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Strategies To Mitigate COVID Vascular Complications

· Heart of Innovation


EPISODE 21 Show Notes

With a projected tough winter season with new variants of COVID-19
known BA.4 and BA.5, we wanted to talk about the vascular complications that
can be associated with the virus and strategies around minimizing the risk of
blood clots. In its early days, COVID-19 was classified only a respiratory illness with varying degrees of severity. But as healthcare professionals learned more over time, they started also considering it a vascular disease because of blood clots that led to serious complications, including death. In today's show my-co-host and I are joined by guest co-host Nurse Practitioner Kay Smith and Cardiothoracic Surgeon Dr. David Allie from Lafayette, Louisiana,
as well as a patient, Scott, who almost lost his legs following vascular complications
due to COVID-19. We are talking about the risk of vascular complications associated
with COVID-19 and strategies to minimize arterial/venous thromboembolism (blood
clots), myocardial infarction (damage to the heart muscle caused by lack ofblood supply, which could be the result of a blood clot) complications. During today’s show, some of the strategies to mitigate risk for vascular complications include earlier bloodwork to check cardiovascular biomarkers such as D-dimer and troponin as well as ultrasound imaging of the lungs, heart, and legs upon the early presentation of symptoms, which could signal an earlier need for
aggressive intervention and treatment. Hosts and their guests also talked about
the importance of having a conversation with your physician prior to getting Covid-19 about the appropriate vaccination schedule for you, bloodwork to determine if you have higher risk factors for vascular complications such as with Pre/Diabetes 1/2, Peripheral Artery Disease, Heart Disease, high blood pressure and/or cholesterol, autoimmune conditions, thicker blood due to high ferratin levels and/or iron, etc. They also stressed the importance of having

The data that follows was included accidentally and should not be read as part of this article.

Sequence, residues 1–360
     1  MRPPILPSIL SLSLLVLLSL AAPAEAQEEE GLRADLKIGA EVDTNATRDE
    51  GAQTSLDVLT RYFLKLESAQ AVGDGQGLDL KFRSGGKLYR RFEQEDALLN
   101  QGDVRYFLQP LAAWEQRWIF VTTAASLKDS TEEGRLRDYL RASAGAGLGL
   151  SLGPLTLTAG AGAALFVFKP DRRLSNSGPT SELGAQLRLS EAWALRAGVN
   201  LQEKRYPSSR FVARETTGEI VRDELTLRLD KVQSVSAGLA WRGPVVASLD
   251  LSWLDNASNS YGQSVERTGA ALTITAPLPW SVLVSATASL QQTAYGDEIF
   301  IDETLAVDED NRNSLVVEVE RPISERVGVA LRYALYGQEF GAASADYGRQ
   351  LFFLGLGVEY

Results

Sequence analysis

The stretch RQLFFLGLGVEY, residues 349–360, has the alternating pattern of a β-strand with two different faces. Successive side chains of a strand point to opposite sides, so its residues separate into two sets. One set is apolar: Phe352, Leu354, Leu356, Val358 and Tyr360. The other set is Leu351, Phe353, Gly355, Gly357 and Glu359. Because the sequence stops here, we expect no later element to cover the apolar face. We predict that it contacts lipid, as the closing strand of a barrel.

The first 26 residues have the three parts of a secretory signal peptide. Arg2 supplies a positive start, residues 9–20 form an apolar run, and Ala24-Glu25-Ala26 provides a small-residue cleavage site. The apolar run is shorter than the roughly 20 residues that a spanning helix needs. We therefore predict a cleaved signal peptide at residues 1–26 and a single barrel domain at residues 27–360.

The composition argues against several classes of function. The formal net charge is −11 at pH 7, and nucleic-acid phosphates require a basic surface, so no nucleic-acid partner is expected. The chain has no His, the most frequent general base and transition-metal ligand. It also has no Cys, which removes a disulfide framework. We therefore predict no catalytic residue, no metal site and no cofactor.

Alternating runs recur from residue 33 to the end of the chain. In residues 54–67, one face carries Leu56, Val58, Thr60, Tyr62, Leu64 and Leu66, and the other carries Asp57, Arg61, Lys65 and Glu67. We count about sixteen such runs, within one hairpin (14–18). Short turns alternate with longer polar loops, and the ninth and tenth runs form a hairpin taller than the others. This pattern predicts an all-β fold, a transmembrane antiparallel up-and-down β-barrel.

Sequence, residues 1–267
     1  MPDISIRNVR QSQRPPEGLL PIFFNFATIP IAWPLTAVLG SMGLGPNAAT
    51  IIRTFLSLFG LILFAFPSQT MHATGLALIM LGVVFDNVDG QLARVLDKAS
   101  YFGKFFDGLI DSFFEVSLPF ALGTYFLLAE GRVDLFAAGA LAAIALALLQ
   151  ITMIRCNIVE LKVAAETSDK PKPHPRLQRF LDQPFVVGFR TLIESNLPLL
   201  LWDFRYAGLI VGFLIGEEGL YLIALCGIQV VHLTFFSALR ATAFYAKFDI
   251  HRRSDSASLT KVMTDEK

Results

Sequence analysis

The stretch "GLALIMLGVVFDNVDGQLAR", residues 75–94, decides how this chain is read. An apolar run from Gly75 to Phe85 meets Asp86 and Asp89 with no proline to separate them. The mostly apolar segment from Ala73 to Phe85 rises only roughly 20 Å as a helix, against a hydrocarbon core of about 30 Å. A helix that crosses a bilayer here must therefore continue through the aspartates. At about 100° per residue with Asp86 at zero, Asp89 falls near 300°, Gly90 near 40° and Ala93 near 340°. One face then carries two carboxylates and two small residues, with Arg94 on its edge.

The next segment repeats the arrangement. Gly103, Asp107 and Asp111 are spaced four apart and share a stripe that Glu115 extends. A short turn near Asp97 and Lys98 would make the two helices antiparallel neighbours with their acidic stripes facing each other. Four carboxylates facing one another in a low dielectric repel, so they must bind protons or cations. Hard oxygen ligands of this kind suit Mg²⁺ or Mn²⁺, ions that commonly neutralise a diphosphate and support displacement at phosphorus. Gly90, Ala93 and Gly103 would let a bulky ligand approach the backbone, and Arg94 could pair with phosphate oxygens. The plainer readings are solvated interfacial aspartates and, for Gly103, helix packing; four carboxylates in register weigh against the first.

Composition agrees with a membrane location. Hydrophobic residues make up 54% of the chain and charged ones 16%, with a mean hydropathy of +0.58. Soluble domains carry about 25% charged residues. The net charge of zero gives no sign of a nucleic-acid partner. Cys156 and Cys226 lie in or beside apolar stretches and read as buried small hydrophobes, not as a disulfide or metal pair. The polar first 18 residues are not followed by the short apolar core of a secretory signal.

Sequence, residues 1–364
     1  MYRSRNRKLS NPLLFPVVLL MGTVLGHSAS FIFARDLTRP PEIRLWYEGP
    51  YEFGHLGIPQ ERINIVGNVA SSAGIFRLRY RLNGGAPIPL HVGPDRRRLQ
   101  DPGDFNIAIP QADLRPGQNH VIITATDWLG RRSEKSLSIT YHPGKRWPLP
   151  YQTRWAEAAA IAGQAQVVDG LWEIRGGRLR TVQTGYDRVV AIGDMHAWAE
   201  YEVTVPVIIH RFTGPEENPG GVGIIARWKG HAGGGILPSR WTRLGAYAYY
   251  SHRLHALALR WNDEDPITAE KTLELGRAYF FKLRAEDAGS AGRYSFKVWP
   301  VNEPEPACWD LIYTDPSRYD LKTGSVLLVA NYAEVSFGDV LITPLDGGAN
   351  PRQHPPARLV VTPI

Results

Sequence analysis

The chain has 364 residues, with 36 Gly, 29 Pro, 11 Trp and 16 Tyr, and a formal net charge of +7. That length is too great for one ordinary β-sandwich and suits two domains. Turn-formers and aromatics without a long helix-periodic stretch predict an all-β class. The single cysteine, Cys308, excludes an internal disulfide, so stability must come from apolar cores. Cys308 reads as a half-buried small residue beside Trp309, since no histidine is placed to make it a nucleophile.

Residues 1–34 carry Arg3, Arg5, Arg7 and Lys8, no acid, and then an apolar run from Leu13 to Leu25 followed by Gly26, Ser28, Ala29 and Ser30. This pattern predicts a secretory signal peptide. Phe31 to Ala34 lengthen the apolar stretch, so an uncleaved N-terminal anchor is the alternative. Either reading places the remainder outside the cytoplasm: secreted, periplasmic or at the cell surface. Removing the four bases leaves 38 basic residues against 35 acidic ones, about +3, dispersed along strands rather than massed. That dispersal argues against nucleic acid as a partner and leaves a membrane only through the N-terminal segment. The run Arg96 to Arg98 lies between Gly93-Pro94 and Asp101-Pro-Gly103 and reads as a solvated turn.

the conversation with your physician if you get COVID-19 and have high risk factors mentioned above, about if andhow you should mitigate your risk of vascular complications.

A patient withvascular complications from COVID-19, Scott shares his scary story of being on
the verge of losing his legs in the last half of the show. He and his wife ended
up with COVID. His wife was hospitalized due to having complications related to
the virus and COPD. Scott was at home recovering and starting to feel some leg pain,
cramping, and additional coldness to the touch, his left more than his right. Having
high risk factors such as diabetes, high cholesterol, and high blood pressure,
he went to the local hospital about 3:30pm and by 5pm he was in the operating
room. Prior to beingsedated, he distinctly remembers the vascular surgeon saying that his situation was life-threatening and that they would try to save my leg, but that amputation may be necessary. He was given no time to process this, no time to ask for options and no time to consult and discuss with his family. It was scary to go to sleep not knowing whether he would wake up without a leg. Following a bypass to re-route blood flow around artery blockages due to blood clots, and fasciotomy, which is a large incision in the calf to relieve tension and pressure in the leg, he awoke in excruciating pain, but his leg was in tact. After 23 days in the hospital, he was discharged with the vascular surgeon telling him that the battle was over, that it would a long fight ahead to continue to keep his legs.

He was right. By March, the bypass had occluded, and another surgeon hadto clear the graft and restore blood flow using minimally invasive tools and techniques. It was successful.

By September, the graft occluded yet again.

The surgeon admitted him to the hospital and tried aminimally invasive approach to clear the graft again – this time It wasn’t successful. He planned to bring Scott back in two weeks after some vein mapping to find a vein in his other leg or arm to use to replace the other bypass graft that had blocked. Scott had lost his patience. His cousin Carol suggested an
office-based lab nearby that she had found through peripheral artery disease advocacy organization The Way To My Heart, where vascular specialists had saved her leg using advanced minimally invasive tools and techniques. Doctors there were able to successfully bypass the bypass and clear the native arteries his other physicians couldn’t clear with their methods in a minimally invasive way. He exclaims, “I walked out immediately following the procedure.” He’s been walking without pain ever since and drives home the importance of always getting a second opinion when you can before any procedure. He says, “You have options! This is YOUR life, your limbs and ultimately, your decision.” 

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